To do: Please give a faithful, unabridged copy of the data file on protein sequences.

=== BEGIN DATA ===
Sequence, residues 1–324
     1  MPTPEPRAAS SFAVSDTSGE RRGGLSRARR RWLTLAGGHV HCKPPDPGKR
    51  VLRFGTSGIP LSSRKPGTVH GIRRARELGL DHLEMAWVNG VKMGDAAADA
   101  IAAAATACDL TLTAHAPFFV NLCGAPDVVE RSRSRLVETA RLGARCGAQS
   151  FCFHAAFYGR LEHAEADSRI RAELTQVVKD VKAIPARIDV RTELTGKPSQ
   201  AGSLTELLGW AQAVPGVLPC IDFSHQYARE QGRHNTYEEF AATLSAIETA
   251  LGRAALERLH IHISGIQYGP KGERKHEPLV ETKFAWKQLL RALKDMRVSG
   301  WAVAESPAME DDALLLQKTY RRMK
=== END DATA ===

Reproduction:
Sequence, residues 1–324
     1  MPTPEPRAAS SFAVSDTSGE RRGGLSRARR RWLTLAGGHV HCKPPDPGKR
    51  VLRFGTSGIP LSSRKPGTVH GIRRARELGL DHLEMAWVNG VKMGDAAADA
   101  IAAAATACDL TLTAHAPFFV NLCGAPDVVE RSRSRLVETA RLGARCGAQS
   151  FCFHAAFYGR LEHAEADSRI RAELTQVVKD VKAIPARIDV RTELTGKPSQ
   201  AGSLTELLGW AQAVPGVLPC IDFSHQYARE QGRHNTYEEF AATLSAIETA
   251  LGRAALERLH IHISGIQYGP KGERKHEPLV ETKFAWKQLL RALKDMRVSG
   301  WAVAESPAME DDALLLQKTY RRMK